Not just a brilliant guitarist, but also a strategic businessman?

Earlier this week, we heard of the passing of world-famous guitarist Eddie van Halen, lead singer and guitarist of the American rock band Van Halen.

Eddie was considered one of the greatest guitar players of all time and is known for popularising the tapping-guitar solo technique. This technique allowed Eddie to play rapid arpeggios with two hands on the fretboard of his guitar.

However, did you know that his passion for music also made him an inventor? In order to refine his tapping technique, Eddie invented and filed US Patent No. 4,656,917 for a supporting device for stringed musical instruments. The patent was granted in 1987 and was upheld throughout its lifetime.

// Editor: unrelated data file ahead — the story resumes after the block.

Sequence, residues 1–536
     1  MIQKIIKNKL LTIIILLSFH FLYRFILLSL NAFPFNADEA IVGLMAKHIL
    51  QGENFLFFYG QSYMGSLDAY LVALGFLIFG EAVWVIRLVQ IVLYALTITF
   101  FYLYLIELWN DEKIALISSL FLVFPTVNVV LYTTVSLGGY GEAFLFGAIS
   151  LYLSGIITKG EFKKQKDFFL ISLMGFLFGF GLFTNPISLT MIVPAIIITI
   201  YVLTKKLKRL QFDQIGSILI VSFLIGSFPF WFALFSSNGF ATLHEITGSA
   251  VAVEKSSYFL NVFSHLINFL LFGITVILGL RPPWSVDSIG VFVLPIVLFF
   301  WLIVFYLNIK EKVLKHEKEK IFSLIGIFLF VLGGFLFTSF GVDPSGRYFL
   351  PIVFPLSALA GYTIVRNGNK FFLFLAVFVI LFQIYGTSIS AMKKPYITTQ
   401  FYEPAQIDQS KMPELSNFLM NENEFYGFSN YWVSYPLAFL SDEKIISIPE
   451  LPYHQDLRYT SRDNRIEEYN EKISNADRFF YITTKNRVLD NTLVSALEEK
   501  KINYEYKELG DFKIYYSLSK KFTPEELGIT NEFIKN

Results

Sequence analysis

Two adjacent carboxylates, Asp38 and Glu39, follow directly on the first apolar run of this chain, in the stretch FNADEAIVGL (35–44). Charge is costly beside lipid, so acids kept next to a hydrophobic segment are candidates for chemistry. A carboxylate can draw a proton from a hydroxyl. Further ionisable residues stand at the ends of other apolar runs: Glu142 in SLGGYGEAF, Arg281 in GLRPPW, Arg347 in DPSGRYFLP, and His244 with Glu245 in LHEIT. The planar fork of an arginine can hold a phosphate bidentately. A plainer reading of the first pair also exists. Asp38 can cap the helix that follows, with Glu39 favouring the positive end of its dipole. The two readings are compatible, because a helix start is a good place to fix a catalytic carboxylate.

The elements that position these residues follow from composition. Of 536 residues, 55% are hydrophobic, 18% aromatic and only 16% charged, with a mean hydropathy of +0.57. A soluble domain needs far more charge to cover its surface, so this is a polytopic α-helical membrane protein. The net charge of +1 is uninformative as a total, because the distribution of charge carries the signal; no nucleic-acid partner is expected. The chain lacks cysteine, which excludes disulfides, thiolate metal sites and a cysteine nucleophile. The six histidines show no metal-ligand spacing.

In the patent, the supporting device was described as “providing total freedom for the musician’s hands to play the instrument in a completely new way, thus allowing the musician to create new techniques and sounds previously unknown to any musician”.

This sounds like the perfect product for any aspiring guitarist wanting to improve their game. However, has any one of you actually seen this product in use? We thought as much, and neither have we. So why didn’t Eddie Van Halen use his exclusive right to sell his product? Maybe the strategic value of the patent for Eddie van Halen was to keep his guitar playing skills to himself.

How do you use your intellectual property rights?

Contact us if you want to discuss the strategic value of your inventions and intellectual property portfolio.

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